Most of the partiers were new to wine tasting and a bit nervous about expressing an opinion at first, but that didn't last. (Note: Make it clear to people what "a taste" is--don't pour anything close to a full glass unless you have cabs--taxis, that is--lined up outside the door!) What helped was a tasting sheet for everyone to fill out. I got mine off www.wineskinny.com/reviews/tastingnotes.htm. It's a detailed sheet that gave people a way to say more than "this smells like wine," which was often the only comment I could muster in the early wine tasting sessions I had at cooking school.

We also printed out a suggestion sheet for how to taste and smell a wine (such as what you look for when you swirl the wine in the glass and how to judge color). Internet sites can offer you more help than you could possibly want in this, along with such detailed lists as what food generally goes well with what wine and how to serve cheese with wine.

Some wine snobs will tell you to use fresh glasses for each wine tasted personally, I've no desire to wash all that at the end of the night. Instead, we bought inexpensive sets of glasses from a linen shop, and provided pitchers of water for rinsing the glasses between wines (along with bowls for dumping out the water or wine).

As a vague rule, expect to get about eight tastings from a bottle of wine we aim to taste five or six wines each night. Any more than that and we lose the ability to compare the last bottle with the first. Because we're not serious wine tasters (we almost never spit, for starters!), we tend to go through a bit more wine than that--when people find one they especially like, they want to pour a whole glass and relax with some food.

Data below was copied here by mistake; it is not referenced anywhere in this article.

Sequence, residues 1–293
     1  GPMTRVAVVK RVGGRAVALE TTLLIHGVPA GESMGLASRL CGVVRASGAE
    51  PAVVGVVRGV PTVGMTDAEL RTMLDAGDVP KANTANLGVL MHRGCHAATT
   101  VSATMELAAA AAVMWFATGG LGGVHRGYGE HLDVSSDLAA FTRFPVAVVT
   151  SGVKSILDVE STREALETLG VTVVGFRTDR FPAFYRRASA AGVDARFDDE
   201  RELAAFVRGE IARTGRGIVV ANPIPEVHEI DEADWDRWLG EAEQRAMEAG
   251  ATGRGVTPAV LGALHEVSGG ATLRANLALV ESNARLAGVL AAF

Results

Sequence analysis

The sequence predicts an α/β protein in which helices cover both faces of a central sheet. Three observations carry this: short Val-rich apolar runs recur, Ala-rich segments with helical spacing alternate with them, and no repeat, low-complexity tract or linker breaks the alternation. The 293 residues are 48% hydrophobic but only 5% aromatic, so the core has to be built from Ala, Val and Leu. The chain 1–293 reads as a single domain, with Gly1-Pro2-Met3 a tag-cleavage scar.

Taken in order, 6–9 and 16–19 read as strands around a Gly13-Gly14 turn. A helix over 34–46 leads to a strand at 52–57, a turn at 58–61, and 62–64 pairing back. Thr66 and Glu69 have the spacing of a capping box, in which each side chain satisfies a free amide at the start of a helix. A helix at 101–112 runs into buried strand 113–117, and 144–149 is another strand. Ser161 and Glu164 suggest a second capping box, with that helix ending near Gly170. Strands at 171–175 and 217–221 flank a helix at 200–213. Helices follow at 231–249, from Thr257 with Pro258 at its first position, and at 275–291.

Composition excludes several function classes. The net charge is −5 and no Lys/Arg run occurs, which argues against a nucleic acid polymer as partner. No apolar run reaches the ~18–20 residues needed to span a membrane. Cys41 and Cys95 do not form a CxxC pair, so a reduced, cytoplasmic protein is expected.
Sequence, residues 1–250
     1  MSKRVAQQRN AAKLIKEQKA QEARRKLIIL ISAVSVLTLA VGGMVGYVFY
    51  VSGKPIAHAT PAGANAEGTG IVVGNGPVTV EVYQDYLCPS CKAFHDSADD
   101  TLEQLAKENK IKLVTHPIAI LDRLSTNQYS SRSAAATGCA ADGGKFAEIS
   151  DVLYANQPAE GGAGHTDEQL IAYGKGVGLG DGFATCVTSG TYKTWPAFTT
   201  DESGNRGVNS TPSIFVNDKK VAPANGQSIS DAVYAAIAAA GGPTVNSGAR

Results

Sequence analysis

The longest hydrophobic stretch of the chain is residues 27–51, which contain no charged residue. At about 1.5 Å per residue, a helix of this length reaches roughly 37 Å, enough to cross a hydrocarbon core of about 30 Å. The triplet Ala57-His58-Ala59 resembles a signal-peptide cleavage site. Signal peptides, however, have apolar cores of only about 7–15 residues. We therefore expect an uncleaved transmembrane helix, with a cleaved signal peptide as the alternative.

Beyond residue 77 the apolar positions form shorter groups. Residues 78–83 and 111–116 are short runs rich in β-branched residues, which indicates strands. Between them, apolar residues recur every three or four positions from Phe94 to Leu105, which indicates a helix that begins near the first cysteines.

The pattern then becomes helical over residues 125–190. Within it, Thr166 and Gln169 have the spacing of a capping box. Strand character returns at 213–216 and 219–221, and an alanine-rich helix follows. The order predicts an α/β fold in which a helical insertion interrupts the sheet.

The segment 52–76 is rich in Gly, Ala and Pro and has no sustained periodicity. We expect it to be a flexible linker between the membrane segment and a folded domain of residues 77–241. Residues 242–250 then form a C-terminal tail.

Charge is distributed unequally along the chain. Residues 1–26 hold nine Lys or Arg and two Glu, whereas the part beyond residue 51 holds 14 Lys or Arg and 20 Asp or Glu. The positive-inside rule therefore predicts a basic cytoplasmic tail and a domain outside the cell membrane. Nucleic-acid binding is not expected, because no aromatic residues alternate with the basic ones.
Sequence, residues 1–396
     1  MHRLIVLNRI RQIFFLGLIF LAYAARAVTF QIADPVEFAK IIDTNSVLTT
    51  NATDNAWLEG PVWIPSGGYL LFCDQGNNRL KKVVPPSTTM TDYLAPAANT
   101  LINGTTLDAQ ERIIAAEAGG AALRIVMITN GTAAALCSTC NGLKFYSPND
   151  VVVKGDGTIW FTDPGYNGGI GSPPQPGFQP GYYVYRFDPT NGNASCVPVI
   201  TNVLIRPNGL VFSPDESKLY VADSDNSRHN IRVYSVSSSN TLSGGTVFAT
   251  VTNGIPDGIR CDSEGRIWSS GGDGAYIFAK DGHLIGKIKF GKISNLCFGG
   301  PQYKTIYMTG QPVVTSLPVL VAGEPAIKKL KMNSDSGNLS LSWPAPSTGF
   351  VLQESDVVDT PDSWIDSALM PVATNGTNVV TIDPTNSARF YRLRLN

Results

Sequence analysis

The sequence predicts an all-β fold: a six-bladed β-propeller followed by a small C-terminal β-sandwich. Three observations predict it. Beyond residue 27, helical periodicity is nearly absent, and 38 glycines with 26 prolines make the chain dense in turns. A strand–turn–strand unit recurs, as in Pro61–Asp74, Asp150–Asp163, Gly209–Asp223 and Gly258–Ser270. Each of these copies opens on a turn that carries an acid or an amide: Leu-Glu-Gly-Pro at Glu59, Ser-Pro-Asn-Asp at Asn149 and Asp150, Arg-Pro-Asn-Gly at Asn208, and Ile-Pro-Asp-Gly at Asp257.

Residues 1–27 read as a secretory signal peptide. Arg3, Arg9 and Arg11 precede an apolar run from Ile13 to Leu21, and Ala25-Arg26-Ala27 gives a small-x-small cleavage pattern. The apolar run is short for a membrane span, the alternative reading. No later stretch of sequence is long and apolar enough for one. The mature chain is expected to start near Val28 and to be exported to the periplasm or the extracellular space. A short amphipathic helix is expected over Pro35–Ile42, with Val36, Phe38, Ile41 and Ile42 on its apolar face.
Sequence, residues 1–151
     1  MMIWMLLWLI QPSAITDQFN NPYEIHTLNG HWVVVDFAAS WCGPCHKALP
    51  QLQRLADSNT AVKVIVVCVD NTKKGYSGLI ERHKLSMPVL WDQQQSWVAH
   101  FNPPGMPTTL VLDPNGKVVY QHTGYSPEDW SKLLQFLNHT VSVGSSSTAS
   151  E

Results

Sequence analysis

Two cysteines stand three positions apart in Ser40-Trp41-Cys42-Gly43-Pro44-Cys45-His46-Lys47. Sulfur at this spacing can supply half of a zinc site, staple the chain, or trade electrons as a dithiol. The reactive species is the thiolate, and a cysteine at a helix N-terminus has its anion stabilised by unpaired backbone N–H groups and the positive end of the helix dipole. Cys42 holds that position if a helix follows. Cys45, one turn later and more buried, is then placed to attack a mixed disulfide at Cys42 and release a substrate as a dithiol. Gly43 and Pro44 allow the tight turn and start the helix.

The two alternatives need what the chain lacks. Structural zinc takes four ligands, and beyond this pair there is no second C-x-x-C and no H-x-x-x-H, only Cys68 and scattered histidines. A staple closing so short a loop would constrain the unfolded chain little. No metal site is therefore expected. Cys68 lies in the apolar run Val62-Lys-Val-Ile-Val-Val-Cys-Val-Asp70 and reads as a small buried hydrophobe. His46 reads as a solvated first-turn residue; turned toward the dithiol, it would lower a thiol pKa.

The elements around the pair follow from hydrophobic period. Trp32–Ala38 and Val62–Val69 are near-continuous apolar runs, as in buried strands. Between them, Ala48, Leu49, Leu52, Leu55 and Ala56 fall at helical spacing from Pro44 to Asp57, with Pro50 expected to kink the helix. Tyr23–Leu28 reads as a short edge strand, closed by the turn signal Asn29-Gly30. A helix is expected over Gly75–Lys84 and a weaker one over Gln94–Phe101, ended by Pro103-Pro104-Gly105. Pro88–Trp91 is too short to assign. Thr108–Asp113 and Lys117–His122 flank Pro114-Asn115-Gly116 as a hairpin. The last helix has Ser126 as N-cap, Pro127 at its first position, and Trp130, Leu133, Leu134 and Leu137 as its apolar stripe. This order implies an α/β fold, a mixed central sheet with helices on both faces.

How to choose the wine? Generally, we choose what kind of wine we want to taste (shiraz, viognier, etc.), then take our money to the wine store and ask for help. We get ours from the Chapel Hill Wine Company, which also will print out its descriptions of each wine so that at the end of the night, tasters can read them and feel stupid or vindicated.

For a dessert-wine tasting in December, however, much of what we drank came from one winery, offering a chance to see the similarities in style from one winemaker.

Then, how to choose the food? As I mentioned, internet sites can guide you in what foods go with what types of wine, as can a decent wine store. We always have cheese (wonderful with dessert wines as well as regular), and we always have some dessert (a good ending can make people forget any flaws that went before). Not only does this not need to equal a full meal, it shouldn't: Aim instead for enough food to keep guests from feeling sick from too much wine, but not so much that your palate grows weary. Offer plenty of bread and crackers, some dips and things with crunch--I find crunchy food especially necessary at a wine tasting.